Howard Farran: Uh huh, PH.
Jason Luchtefeld: Yeah, yeah, PH. So, the diet is critical, so the carb snacking is the big one, and it’s been amazing since I’ve now approached it with…in the last twelve months is really how long I’ve been doing this part of it, and that is kind of the diet focus for carries risk people, and that is they all know about sugar, they all know soda’s bad, they all know that the sugary sweets and things are bad, and so they recognize that and they say that they will avoid those. What they don’t know is carbs in general, and so everyone thinks s a cracker is healthy, but you snack on a cracker and that shit is in your teeth for hours, just ready for a feast from those bacteria to cause cavities, and so crackers are a big one that parents give to kids. I mean, all day long, they give them the crackers thinking they’re healthier than giving them sweets or other snacks, and so that’s been an eye opener for patients that I’ve had the discussion with, that crackers can actually be a negative for cavities. So, the big one there is carbs. So, um, don’t snack on carbs, and if you do, mix it with some fats or rinse immediately.
Howard Farran: It’s tough. I’ve lectured all around the world and the three fastest growing disease around the world are dental decay, obesity, and diabetes, and it’s all what we’re putting in the mouth.
Jason Luchtefeld: Yeah, absolutely.
Howard Farran: And, I, it’s amazing, just last year I was in three different cities in Asia, um, Hong Kong, Katmandu, Nepal, and New Delhi – all three of them, for the first time in the history of their great civilizations, got their first pediatric dentist, and I was in Katmandu talking to a dentist, uh, who was 60 years old, said in his first ten years of practice, he never saw a cavity ever in a child under ten, and then the whole country quit drinking water and switched to Coca Cola and Pepsi and all this processed food, and now he says any five-year-old that walks in, he basically said any child that walks in, for their age, will have that number of cavities. A five-year-old will have five, a six-year-old will have six, and it’s just crazy…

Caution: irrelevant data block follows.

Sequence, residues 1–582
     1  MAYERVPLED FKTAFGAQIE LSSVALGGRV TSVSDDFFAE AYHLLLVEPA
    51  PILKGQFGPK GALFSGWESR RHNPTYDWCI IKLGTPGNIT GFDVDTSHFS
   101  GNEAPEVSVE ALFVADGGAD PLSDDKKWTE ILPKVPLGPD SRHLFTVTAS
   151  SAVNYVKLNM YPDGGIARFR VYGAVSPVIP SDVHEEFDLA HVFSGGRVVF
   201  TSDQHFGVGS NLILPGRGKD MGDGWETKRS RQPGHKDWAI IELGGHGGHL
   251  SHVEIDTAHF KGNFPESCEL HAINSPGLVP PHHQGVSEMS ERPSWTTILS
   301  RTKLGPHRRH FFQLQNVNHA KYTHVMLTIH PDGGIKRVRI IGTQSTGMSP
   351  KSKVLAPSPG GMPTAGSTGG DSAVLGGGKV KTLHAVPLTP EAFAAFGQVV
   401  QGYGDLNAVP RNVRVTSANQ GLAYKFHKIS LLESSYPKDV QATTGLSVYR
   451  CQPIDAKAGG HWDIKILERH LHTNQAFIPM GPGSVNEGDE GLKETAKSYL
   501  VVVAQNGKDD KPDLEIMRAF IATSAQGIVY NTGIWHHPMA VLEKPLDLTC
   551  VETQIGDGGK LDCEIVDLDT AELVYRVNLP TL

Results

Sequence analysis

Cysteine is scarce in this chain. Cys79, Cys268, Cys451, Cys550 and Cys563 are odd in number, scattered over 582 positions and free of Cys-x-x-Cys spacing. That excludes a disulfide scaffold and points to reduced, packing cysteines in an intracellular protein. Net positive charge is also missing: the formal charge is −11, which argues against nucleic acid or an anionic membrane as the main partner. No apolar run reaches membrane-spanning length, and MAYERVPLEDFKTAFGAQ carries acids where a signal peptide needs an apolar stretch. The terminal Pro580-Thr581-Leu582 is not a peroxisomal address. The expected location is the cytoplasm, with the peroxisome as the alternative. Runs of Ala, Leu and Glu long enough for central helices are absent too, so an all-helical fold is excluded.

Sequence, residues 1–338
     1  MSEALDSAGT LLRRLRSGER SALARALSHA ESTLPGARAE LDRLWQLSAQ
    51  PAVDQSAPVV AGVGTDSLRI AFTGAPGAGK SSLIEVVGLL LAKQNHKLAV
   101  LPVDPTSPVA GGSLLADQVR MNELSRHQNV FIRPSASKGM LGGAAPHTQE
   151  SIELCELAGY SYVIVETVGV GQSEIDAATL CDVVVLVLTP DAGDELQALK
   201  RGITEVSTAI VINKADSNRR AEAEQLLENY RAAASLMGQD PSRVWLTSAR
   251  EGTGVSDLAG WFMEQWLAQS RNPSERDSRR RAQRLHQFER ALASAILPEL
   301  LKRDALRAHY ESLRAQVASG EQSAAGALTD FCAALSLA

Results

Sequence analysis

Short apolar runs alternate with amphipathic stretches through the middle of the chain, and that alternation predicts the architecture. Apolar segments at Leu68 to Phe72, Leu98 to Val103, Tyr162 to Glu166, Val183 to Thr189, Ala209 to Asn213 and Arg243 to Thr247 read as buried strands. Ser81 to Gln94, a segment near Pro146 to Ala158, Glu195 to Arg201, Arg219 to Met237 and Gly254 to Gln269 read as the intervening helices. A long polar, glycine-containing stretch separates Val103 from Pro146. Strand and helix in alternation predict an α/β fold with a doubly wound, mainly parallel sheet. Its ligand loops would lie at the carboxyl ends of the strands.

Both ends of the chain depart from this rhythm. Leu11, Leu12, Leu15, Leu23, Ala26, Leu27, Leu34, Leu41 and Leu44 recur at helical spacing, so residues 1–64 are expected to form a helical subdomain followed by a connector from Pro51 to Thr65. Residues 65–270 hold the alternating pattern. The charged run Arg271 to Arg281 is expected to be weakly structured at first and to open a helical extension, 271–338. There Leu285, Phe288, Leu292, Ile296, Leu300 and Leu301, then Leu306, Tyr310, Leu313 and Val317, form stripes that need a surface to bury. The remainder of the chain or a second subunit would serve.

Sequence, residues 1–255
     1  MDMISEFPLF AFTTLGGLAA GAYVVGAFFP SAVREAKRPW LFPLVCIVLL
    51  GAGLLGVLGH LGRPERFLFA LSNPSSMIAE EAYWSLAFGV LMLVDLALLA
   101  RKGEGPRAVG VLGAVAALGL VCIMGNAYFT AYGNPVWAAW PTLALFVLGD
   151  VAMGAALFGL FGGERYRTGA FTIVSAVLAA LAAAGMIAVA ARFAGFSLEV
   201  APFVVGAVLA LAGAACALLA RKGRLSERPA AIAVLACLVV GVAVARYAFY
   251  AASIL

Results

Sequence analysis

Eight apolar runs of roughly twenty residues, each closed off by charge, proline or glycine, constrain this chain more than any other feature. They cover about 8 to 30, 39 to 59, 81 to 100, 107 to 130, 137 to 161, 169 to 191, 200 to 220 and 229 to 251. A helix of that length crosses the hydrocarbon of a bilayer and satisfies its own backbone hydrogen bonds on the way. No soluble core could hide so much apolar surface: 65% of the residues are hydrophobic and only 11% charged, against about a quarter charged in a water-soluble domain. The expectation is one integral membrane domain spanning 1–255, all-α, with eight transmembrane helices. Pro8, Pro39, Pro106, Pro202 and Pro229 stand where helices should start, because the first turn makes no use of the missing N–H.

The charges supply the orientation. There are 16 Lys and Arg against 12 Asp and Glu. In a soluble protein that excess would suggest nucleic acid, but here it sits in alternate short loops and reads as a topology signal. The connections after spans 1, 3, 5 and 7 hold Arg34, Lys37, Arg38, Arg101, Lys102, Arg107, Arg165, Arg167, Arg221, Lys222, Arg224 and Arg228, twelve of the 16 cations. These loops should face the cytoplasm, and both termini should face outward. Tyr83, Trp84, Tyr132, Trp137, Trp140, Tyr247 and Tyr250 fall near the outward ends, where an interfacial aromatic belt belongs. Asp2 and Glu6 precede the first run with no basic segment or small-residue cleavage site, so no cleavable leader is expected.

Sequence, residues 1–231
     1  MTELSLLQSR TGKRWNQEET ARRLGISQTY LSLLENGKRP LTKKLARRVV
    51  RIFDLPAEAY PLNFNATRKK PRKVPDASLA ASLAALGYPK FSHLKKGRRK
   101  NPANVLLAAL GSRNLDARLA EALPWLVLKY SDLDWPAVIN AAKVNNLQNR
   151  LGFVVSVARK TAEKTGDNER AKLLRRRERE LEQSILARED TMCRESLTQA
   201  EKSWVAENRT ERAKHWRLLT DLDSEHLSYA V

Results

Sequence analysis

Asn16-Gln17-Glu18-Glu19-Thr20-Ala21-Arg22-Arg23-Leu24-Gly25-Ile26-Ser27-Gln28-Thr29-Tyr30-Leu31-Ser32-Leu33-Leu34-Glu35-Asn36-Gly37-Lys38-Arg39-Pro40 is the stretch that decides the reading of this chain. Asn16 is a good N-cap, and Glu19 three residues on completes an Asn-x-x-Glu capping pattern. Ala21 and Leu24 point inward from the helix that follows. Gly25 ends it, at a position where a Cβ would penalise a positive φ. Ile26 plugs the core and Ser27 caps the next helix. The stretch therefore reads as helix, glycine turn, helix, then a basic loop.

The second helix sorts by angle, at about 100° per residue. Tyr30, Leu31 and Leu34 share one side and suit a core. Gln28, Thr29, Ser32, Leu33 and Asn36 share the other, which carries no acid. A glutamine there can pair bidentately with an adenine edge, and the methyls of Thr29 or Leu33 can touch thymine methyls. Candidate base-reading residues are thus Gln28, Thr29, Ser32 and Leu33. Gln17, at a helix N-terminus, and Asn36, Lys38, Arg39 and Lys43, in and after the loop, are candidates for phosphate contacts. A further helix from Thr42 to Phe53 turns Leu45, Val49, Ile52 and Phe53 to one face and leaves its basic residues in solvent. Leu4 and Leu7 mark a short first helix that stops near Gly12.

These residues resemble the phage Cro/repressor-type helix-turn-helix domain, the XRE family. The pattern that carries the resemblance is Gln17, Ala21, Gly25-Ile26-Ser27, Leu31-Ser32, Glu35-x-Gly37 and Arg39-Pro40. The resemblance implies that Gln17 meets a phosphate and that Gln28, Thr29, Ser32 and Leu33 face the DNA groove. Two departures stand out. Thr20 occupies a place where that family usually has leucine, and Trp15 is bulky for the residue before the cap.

Jason Luchtefeld: Yeah…
Howard Farran: …so, our diet…
Jason Luchtefeld: …well, I think that’s a great point. It’s not like they don’t have the bacteria. It’s also, I think, a great case study there that they probably have mouths that are full of this bacteria, but they never fed them anything that they could eat. And so, even though you have the bacteria, if you’re not feeding it that carb, uh, those sugars, then you’re not going to get cavities.